I’m not sure what other cherry blossom festivals are around New York or even NYC for that matter, but this one is definitely worth attending if you enjoy traditional and contemporary Japanese culture.
No outside food is allowed, but bringing water bottles is a good idea. Also, a blanket to sit out on the lawn and of course a camera. If you would like to take professional or commercial photos or even bring a tripod, you need to apply for a permit beforehand. I arrived at the garden about half an hour after the event began at 10:00 am, and I suggest you follow the website’s advice of arriving during off-peak hours.
The crowds really do suddenly materialize, and it’s nearly impossible to get great shots or find a choice area to set your blanket down. Selfie sticks also are not allowed, but people do tend to sneak those in.
I’m not sure if this would be considered a review of BBG’s Sakura Matsuri, but it is a fun event and very welcoming of people from all backgrounds; It’s also kid friendly for parents. Security had a huge presence and would only politely ask guests or their children to not pick the flowers or take photos deep within the shrubbery (which I witnessed a few times. Like grown adult people actually hid in bushes and tried climbing into the trees). I will without a doubt be returning next year.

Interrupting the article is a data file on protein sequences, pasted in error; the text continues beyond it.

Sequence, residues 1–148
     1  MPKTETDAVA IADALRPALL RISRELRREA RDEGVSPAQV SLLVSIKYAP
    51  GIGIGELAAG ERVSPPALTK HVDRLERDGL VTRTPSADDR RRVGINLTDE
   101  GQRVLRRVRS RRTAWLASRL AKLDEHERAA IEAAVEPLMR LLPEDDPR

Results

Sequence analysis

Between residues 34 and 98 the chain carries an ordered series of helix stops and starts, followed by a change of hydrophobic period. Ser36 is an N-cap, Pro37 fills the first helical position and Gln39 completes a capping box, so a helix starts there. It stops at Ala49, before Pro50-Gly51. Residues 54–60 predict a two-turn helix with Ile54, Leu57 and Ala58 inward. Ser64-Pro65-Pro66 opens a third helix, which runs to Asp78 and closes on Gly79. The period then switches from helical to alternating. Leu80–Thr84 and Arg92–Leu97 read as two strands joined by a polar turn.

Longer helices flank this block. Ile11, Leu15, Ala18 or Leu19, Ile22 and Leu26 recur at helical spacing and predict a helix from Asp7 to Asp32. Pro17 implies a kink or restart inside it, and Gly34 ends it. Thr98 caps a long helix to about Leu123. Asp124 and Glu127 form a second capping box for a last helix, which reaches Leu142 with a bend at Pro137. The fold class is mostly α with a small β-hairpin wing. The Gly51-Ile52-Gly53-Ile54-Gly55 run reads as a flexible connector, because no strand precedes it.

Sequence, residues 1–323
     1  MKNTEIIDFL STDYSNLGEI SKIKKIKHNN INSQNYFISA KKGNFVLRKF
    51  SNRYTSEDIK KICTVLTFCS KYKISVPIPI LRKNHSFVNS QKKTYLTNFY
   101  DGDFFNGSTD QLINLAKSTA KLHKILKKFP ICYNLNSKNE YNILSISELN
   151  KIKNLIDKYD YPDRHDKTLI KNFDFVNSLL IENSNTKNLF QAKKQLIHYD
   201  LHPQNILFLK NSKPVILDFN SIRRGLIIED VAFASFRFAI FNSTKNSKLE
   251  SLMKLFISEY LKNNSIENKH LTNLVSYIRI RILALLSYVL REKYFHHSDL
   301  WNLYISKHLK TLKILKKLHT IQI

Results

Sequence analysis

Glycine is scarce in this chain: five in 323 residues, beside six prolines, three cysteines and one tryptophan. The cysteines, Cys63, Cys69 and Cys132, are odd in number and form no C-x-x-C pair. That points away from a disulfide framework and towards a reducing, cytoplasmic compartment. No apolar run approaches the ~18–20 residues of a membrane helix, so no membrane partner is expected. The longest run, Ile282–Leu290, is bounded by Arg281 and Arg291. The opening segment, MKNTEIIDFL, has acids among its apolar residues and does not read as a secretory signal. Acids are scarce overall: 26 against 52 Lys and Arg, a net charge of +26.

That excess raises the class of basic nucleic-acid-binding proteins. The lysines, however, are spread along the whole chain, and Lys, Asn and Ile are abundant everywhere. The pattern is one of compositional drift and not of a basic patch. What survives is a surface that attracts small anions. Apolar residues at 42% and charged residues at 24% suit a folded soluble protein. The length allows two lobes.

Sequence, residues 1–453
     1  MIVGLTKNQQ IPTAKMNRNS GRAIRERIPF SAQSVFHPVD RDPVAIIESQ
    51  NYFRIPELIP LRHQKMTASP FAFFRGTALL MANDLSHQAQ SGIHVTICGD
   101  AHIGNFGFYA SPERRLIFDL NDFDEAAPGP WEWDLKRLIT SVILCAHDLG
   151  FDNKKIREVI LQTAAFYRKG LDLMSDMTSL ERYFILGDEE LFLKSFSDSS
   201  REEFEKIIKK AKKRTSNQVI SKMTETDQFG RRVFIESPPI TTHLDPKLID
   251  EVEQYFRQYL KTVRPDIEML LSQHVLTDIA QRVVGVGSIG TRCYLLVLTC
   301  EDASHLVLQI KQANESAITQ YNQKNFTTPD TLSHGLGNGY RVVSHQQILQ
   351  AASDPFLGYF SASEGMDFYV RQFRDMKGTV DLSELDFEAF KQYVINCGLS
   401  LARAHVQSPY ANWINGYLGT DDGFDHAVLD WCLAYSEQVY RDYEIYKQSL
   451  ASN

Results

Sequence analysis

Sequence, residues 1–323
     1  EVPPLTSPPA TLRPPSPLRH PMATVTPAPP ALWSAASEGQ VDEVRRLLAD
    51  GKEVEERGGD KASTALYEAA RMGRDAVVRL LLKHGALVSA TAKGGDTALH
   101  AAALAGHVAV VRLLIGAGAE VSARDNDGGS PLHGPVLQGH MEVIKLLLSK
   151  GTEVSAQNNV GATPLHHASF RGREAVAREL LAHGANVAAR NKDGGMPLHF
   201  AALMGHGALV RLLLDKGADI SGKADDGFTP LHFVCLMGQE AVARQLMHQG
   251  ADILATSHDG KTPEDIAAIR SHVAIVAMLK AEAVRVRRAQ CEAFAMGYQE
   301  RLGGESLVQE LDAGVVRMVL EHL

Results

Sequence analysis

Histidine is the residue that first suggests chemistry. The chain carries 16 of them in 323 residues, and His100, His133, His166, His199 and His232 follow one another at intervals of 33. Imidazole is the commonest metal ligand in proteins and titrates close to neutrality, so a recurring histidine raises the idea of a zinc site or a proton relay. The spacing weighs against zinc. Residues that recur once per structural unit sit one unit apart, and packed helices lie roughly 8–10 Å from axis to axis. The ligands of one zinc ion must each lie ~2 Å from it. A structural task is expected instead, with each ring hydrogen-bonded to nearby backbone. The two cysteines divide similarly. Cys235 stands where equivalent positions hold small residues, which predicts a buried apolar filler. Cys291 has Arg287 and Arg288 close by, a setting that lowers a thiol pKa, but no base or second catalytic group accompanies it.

So, have you been to a Japanese Festival before? What is one festival you dream of attending? For years now, I’ve wanted to attend the Nebuta Matsuri in Aomori prefecture. I love the colorful floats and want to taste the super authentic hot festival foods. Also, Aomori is known for their great apples! Maybe not this year, but hopefully next August I can attend for myself in person.
Tell me what your favorite festival food is! Leave your thoughts in the comment section below, I would love to hear from you! Also be sure to follow us for more coverage of Japanese events around NYC (and beyond!). We also just launched an Instagram page which you can follow here! Let’s travel together!